This visit was supported by a grant from Alcon Foundation.
As part of our outreach into South America, we visited Cochabamba in Bolivia the week of Oct 26, 2015. We are collaborating with the Fundación Boliviana de Oftalmología to help develop retinal services in the country. Dr Oscar Cortex and his son, Dr Rodrigo Cortes, manage this Fundacion, which has been providing ophthalmological care to the people of Cochabamba and the surrounding areas for many years.
As this was the first trip to Cochabamba, we had not planned for any retinal surgical procedures. We were to examine patients, perform laser photocoagulations, and present a few didactic talks for the ophthalmologists and residents in training.
We examined patients over the four days we were there. In addition, didactic lectures were presented over two days, while laser sessions were organized on two other days. Interactions during patients examinations in the clinic added to the academic exchange.
With a robust residency program that takes in two residents every year, the Fundacion has been providing excellent teaching to its residents over the years. This was evident in the way the residents presented patients, as well as asked questions in the clinic and in the lectures.
We have received instrument support from Ocular Instruments for this trip and for our future trips.
Patients ranged from the routine diabetic retinopathy, which is possibly considered a rampant condition in Bolivia, to age-related macular degeneration, venous occlusions, toxoplasmosis, and cases with ocular trauma. We also has a 2-year old boy with coloboma choroid. Since he was not cooperative for examination in the clinic, we examined him under sedation in the OR. This also gave us an opportunity to complete his eye examination including refraction and intraocular pressure. On examination, he was found to have a unilateral choroidal coloboma, with no retinal detachment.
On the second day of our visit, one of the surgeons faced a complication while performing a phacoemulsification, with the nucleus drop into the vitreous cavity. With a significant chunk of the nucleus in the vitreous cavity, it was more than likely that the patient will have severe inflammatory response if nothing was done for the patient. With no availability of posterior vitrectomy equipment, we discussed the various possibilities of managing this patient.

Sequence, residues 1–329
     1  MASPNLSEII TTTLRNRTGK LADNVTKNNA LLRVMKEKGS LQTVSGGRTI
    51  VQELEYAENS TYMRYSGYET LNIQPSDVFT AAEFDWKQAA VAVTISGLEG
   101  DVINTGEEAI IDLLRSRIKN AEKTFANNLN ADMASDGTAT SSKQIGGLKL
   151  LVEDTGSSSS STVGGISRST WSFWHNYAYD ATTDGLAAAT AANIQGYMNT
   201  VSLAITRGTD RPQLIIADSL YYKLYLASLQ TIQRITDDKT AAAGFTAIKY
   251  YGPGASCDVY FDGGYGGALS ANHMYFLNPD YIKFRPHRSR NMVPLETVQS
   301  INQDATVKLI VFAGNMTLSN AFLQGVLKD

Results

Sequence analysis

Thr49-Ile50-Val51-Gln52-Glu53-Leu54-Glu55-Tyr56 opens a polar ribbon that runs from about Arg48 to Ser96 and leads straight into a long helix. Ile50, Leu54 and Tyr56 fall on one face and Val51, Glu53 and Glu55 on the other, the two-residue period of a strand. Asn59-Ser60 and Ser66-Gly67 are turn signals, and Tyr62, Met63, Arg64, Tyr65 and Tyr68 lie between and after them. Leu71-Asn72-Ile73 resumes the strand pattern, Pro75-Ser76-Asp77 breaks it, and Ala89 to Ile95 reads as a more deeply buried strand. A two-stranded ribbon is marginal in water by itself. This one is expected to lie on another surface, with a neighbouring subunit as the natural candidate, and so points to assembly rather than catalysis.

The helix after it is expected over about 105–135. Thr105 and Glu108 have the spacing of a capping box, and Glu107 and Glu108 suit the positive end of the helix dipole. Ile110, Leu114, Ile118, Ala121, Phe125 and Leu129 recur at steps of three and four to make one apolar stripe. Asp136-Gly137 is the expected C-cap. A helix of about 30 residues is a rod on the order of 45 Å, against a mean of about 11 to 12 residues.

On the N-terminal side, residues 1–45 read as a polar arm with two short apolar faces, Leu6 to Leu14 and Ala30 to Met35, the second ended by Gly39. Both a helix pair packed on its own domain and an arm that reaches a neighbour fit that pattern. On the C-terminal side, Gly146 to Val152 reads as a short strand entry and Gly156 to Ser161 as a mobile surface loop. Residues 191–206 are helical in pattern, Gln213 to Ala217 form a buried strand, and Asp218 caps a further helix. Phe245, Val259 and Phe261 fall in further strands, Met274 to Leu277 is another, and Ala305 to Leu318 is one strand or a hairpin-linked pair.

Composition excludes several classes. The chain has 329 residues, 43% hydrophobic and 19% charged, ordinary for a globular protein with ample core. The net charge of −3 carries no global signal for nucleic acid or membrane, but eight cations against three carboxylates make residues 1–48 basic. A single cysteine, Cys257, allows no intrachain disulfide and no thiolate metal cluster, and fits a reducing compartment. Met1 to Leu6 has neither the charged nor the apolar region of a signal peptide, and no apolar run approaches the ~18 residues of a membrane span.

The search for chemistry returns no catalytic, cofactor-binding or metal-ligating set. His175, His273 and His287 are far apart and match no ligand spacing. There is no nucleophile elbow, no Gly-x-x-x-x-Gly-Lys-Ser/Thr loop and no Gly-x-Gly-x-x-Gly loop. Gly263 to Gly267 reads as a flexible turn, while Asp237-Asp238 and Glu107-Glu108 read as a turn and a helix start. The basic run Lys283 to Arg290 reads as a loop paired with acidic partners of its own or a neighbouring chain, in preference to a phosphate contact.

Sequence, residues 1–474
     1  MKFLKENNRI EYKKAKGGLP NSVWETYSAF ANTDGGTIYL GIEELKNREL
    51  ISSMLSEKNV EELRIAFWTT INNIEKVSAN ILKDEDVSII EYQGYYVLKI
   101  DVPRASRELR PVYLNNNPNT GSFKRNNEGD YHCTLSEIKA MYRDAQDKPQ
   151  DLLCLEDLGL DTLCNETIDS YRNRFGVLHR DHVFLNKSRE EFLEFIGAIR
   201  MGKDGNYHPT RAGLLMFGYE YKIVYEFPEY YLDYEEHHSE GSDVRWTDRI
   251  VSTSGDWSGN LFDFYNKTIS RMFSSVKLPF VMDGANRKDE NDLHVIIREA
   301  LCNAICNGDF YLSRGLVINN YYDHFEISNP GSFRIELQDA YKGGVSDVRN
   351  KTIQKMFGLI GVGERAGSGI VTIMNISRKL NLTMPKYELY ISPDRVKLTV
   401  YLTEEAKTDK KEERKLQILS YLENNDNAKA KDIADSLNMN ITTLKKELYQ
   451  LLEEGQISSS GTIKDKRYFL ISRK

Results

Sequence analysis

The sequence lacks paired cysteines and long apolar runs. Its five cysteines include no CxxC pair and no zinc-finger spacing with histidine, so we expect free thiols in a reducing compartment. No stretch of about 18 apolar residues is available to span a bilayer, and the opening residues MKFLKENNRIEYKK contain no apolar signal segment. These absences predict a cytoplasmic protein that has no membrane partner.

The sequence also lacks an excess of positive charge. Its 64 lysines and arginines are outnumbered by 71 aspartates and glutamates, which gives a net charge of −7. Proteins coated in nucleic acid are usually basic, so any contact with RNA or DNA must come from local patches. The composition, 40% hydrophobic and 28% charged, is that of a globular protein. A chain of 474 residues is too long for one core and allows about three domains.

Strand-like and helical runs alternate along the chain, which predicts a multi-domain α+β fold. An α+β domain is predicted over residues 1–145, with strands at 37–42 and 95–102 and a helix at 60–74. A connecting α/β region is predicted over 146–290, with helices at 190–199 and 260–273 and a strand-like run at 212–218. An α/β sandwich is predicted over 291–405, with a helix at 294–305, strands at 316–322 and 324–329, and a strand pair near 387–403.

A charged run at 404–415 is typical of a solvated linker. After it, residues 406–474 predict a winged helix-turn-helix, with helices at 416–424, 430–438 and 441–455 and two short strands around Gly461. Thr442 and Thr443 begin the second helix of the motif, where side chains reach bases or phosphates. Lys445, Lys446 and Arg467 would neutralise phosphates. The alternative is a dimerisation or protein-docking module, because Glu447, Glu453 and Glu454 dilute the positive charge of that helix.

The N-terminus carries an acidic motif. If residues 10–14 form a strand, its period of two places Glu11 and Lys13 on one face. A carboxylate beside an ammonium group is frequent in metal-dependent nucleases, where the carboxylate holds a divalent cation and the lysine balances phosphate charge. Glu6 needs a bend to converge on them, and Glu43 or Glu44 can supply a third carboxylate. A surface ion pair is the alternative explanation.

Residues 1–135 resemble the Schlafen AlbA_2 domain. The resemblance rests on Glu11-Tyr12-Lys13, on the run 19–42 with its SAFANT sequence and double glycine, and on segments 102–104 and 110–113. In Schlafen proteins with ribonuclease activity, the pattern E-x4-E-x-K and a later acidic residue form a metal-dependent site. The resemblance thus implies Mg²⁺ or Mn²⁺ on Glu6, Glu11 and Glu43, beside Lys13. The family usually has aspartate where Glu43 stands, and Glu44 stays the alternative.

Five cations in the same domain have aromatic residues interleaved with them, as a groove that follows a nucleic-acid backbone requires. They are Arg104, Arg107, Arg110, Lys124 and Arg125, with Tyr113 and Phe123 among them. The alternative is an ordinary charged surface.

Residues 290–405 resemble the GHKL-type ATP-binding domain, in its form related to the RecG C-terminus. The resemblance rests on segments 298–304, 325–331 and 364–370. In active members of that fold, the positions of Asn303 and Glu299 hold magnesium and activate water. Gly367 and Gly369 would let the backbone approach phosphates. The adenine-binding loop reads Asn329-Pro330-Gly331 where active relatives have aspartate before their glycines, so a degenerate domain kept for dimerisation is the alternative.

Dr Raj Agrawal scrubbed in for the case to examine the patient and to evaluate what could be done. With access only to anterior vitrectomy, and with an indirect ophthalmolscope available for use, Dr Agrawal decided to go ahead and attempt to remove the nucleus from the vitreous cavity, using the old method of single-port vitrectomy under indirect ophthalmoscope visualization. The anterior vitrectomy probe was inserted via a pars plana incision to clean the vitreous in the anterior chamber. Once the anterior segment was clear of vitreous and cortical material, with indirect ophthalmoscope as a visualization device, the vitrector was used to clean as much of the posterior vitreous as possible, with the cut rate kept at the max of 600 cuts.
Once the vitreous was cleared (PVD was not induced), a sharp disposable needed with irrigation was introduced into the vitreous cavity via the same pars plana port. Under indirect ophthalmic visualization, the nucleus was gently speared and then brought up to the anterior segment. On the third try, the nucleus was successfully removed from the cataract wound with a lens loop. After resuturing the wound, a good indirect ophthalmoscopic examination was performed to rule out any retinal issues.
This patient was examined post-op before we left the country, and he looked fine. We have received a report from Bolivia that the patient is feeling much better, with the eye recuperating well. The patient’s vision (he is aphakic at present) is hand movements at this time.
The above incident highlights the fact that on missions such as this, our surgeons face unique challenges that tests their ability to think outside the box and deliver solutions that have a significant impact on the person or people involved.
We also learnt of an innovative solution that Dr Oscar Cortes had to come up with, to manage retinal detachment patients in his practice. He started utilization the edge of the infant bottle nipple as a scleral implant for retinal detachment surgery! He had used this innovative solution in many of his patients, many of whom went on to do well. (link to the publication)
During the trip, we also met with the Dr Elizabeth Duarte and her colleagues at the Centro Vivir con Diabetes. (Pic on the left – Dr Anthony Majda, Dr Rodrigo Cortes and Dr Agrawal with Dr Duarte (second right) and her colleagues) This center has been providing clinical care and support to patients with diabetes. We met to discuss about the prevalence of diabetes in and around the area and the country, as well as the estimates of diabetic retinopathy. The center was involved in a study to estimate the evidence of diabetes in Bolivia about 15 years back; that study had given estimates of incidence of diabetes around 10%. That estimate would have likely increased in the last 15 years, and hence we plan to work them and with the Fundacion for a study to evaluate diabetic retinopathy in the area in the near future.
We plan to return to Cochabamba soon, to continue our work of providing retinal care to the patients, as well as train the ophthalmologists in retinal disease management. If you wish to join us on future trips, please click here.
Some more pictures from the trip.